Non-attachment is often confused for de-tachment, an unhealthy way to grow relationship. But the true nature of non-attachment deepens intimacy. Read on.
“Live in the now!” Garth exhorts Wayne as he fawns over a beautiful guitar he can’t afford in the film Wayne’s World. This is a message that we get over and over again in many Eastern philosophies: live in the present moment, not for the past or the future. Further, we learn to practice non-attachment: avoiding clinging to things in a world whose nature is constant change.
It all makes an intuitive kind of sense. When I’m sitting in meditation or flowing through my yoga practice, I get it. Go with the flow. Feel what’s in front of you. Release the past and the future.
But then I leave my yoga mat and the theory sort of breaks down: what about in relationships? How do I practice non-attachment when I need to rely on someone to still be there tomorrow? How do I live in the present moment when my past is affecting my behaviors with the people I am trying to love today?
This is a problem that has always bothered me.
A few weeks ago, I had the opportunity to ask yoga teacher and Zen practitioner Michael Stone what he thought. The thesis of his seminar was that while it’s deeply important to show up to your internal practice and do your internal work, it’s equally important to learn to engage mindfully with your community and your environment.
He seemed like the perfect person to ask.
Non-attachment, he told us, often gets translated as “detachment,” which implies that you don’t care too much about the thing or person in question. Rather, attachment always involves clinging not to the person, but the story you are holding about them. Attachment is about your viewpoint, not about the world itself.
When you hear “non-attachment,” he said, you should be translating that as a very deep engagement.
We build our world through stories. We like to fit people and things into categories and narratives in order to make sense of our world. We need these stories to navigate the world, but the problem is we often forget we made up the story in the first place, and its purpose is to simplify an experience in the world that is fundamentally complicated and sometimes contradictory. When you sit down and listen to someone you love talk to you, your story about who you think they are will color your expectations about what they say, and your story about yourself colors how you expect to respond. We’re not really listening because we keep expecting confirmation of what we already believe about the person.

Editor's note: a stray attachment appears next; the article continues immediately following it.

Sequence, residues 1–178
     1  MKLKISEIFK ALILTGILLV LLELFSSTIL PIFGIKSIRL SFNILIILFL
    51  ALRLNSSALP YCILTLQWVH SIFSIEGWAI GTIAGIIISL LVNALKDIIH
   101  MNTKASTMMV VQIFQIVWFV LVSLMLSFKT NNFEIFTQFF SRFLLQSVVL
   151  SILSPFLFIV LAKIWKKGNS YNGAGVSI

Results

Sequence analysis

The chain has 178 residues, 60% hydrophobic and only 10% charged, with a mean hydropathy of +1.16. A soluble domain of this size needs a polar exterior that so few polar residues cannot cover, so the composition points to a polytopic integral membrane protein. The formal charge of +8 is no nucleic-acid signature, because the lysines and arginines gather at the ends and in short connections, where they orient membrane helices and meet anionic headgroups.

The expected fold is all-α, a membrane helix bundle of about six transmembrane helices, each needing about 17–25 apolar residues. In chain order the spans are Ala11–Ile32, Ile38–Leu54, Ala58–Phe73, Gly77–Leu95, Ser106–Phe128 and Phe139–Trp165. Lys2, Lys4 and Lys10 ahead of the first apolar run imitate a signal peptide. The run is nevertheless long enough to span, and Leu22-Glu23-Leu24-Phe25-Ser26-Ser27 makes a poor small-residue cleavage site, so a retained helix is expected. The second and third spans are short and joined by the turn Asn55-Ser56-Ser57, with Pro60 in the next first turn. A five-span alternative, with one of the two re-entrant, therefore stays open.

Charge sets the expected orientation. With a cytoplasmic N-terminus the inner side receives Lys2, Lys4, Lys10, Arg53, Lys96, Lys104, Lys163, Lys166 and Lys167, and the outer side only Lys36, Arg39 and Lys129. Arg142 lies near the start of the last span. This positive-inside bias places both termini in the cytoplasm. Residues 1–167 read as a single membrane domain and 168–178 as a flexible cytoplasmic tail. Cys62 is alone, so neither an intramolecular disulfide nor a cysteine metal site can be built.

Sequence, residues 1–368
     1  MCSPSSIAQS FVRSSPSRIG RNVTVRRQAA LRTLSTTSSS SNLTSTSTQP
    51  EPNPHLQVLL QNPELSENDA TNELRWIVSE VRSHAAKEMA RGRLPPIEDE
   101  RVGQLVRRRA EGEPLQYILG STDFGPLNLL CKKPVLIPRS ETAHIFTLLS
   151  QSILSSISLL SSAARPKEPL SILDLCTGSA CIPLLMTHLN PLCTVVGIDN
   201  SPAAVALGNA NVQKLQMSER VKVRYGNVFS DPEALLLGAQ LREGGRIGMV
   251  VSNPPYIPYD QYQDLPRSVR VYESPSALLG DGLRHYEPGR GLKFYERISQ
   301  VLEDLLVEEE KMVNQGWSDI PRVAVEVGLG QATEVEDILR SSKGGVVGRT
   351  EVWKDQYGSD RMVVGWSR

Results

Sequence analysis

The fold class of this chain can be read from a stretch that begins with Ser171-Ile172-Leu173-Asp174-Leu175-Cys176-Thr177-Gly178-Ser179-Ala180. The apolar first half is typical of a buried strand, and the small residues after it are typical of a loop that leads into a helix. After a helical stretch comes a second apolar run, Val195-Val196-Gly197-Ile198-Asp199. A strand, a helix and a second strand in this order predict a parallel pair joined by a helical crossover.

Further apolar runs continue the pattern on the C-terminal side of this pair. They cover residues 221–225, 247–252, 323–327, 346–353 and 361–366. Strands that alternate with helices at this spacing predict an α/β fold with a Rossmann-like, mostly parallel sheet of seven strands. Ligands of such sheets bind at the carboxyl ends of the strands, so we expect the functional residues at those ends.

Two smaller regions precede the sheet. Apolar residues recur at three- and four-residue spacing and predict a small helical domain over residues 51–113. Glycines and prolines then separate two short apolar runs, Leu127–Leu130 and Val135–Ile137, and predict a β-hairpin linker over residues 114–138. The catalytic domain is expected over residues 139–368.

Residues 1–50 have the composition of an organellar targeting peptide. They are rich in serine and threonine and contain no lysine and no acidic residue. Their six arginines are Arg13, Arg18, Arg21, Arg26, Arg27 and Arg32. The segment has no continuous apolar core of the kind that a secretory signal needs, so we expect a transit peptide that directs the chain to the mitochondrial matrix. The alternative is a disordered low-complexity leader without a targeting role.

If you can release the person you love, however, from your story about them, you can really, fully listen to them and hear what they have to say. You can give them the space to change and learn and grow. When you do this, you also give yourself the space to listen and respond genuinely. This can become a deep source of growth and intimacy.
The story of who you think you are is vital for the way you move through the world. You just have to be willing to adjust, hone, and occasionally change the narrative about yourself and your relationships, which allows for a very deep form of paying attention.
If we can keep telling our stories about ourselves and others mindfully, without clinging to them, then, perhaps, we can take Garth’s advice, and actually “Live in the now!”
This article was originally published with Spirituality & Health; republished with the kindest permission.[image: via shutterstock]
About the Author
Join yoga teacher JC Peters on a thoughtful, personal, hopeful exploration into the real life of yoga—how the philosophies and experiences of the practice can help us laugh at ourselves, deal with our deepest shadows, and move through life with grace, gratitude, and wonder.